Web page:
• The House Select Committee asked them whether forced labor in Xinjiang has permeated their supply chains
  • The panel asked Adidas whether it was importing goods produced in Xinjiang
  • Nike was asked if it verified that its manufacturing partner "no longer uses Uyghur forced labor"

The House Select Committee on China has reportedly sent letters to Adidas and Nike over the companies' potential links to forced labor of Uyghurs and other Muslim groups in the Xinjiang region. The panel has also sent letters to Chinese shopping platforms Shein and Temu.

The committee is seeking answers about whether the supply chains of Adidas and Nike have been affected by forced labor in China's western region of Xinjiang, Semafor reported. The panel cited expert testimony in their letters.

"What audit methods does Nike use to verify that suppliers in China – in and outside of Xinjiang – are not exploiting Uyghurs through state-sponsored labor transfers," the panel asked.

One expert told the committee that Adidas was "sourcing garments made not only from cotton from the Uyghur Region but also vicose, lyocel, polyester, leather and linen, reported Forbes. The letter, which was signed by panel chairman Mike Gallagher, R-Wis., and ranking member Raja Krishnamoorthi, D-Ill., asked Adidas whether it was in compliance with the U.S. Uyghur Forced Labor Prevention Act (UFLPA), which was signed into law in December 2021 by U.S. President Joe Biden and took effect last year. The UFLPA bans imports of products from Xinjiang.

Adidas was asked to respond by May 16.

The committee asked Nike whether the company has verified if the factory that manufactures millions of Nike products per year "no longer uses Uyghur forced labor."

This is not the first time questions were raised over Nike's supply chain.

In March, activist retail investor Tulipshare called on the Oregon-based apparel giant to provide more transparency about working conditions, specifically on forced labor tracking and possible wage theft risks.

Tulipshare, which owns 276 Nike shares, said it wants Nike to cooperate in identifying, assessing and avoiding "actual or potential human rights abuses that may significantly disrupt their business."

In 2020, the Australian Strategic Policy Institute accused Adidas and other top global brands of acquiring supplies from factories that used forced labor.

"Some factories across China are using forced Uighur labor under a state-sponsored labor transfer scheme that is tainting the global supply," the think tank said at the time.

The next year, sales of Adidas and Nike on Alibaba's Tmall website saw a slump as Chinese consumers called for a boycott of their products over the apparel giants' past statements related to alleged forced labor in Xinjiang, reported Insider.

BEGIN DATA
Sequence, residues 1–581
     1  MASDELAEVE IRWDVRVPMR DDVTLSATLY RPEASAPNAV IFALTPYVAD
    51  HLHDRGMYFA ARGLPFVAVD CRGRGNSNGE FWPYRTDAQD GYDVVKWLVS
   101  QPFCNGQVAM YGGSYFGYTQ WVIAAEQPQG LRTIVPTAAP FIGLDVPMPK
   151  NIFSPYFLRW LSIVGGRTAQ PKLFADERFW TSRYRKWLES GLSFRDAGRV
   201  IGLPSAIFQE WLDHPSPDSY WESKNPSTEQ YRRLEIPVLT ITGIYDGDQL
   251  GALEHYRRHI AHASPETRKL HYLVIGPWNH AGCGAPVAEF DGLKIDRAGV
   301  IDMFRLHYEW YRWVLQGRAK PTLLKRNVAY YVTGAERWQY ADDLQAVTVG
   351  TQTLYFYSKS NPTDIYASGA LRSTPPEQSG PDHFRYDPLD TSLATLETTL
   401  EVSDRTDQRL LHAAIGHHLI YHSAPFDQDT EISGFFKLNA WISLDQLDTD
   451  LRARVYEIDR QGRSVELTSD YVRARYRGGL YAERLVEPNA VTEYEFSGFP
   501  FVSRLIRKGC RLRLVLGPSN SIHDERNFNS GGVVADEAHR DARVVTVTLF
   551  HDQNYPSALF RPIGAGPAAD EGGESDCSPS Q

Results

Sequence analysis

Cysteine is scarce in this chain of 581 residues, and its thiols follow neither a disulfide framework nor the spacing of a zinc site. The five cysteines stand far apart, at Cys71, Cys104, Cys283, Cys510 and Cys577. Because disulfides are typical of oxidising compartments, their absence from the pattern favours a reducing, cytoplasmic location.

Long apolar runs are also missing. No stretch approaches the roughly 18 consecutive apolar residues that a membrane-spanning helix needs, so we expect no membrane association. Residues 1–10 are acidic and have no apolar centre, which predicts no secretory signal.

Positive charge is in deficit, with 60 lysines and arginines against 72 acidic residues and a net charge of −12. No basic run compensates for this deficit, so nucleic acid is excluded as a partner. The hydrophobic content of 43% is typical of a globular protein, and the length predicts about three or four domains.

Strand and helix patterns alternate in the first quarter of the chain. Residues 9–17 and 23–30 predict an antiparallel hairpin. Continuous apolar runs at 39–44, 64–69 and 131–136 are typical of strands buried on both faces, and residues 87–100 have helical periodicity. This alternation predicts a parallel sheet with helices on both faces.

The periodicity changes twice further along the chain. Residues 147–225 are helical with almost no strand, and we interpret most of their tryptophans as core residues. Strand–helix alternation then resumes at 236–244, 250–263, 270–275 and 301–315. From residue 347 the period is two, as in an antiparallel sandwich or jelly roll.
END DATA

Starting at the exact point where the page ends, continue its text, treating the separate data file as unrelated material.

Nike previously said it was "concerned about reports of forced labor" in the Chinese region, while Adidas said in 2019 that it had "no contractual relationship with any Xinjiang supplier."

Adidas also confirmed it was sourcing cotton from Xinjiang through a sustainability program called the Better Cotton Initiative and that the company found no cases of forced labor on cotton fields connected to the initiative.

After the UFLPA came into force last June, the American fashion industry was urged to avoid cotton coming from Xinjiang, raising concerns about how it would affect the supply chain as 84% of Chinese cotton comes from Xinjiang.

A few months before that, researchers at the Agroisolab in Jülich and the Hochschule Niderrhein University of Applied Sciences said they found traces of Xinjiang-supplied cotton in T-shirts made by Adidas, Hugo Boss and Puma.

At the time, a spokesperson for Adidas told The Guardian that the company sources its cotton "exclusively" from other countries and it takes the necessary measures to ensure working conditions in its supply chain was "fair and safe."

The U.S. Department of Labor (DOL) has accused the Chinese government of detaining more than one million Uyghurs, a Muslim ethnic minority, in the autonomous region of Xinjiang. It also said an estimated 100,000 Uyghurs and members of other ethnic minorities may have been forced into poor working conditions after they were kept in re-education camps.

An assessment report from the United Nations Human Rights Office also raised human rights concerns in Xinjiang. The UN said there are "serious allegations" about human rights violations against the Uyghur people.

The Chinese government has since said it will not cooperate with the UN. The country has also denied any human rights abuses in Xinjiang.

A woman in Uyghur ethnic dress stands inside the compound of Universal Electronics Inc in Qinzhou, Guangxi Autonomous Region, China, April 13, 2021. Picture taken April 13, 2021.
A woman in Uyghur ethnic dress stands inside the compound of Universal Electronics Inc in Qinzhou, Guangxi Autonomous Region, China, April 13, 2021. Picture taken April 13, 2021. Reuters / THOMAS PETER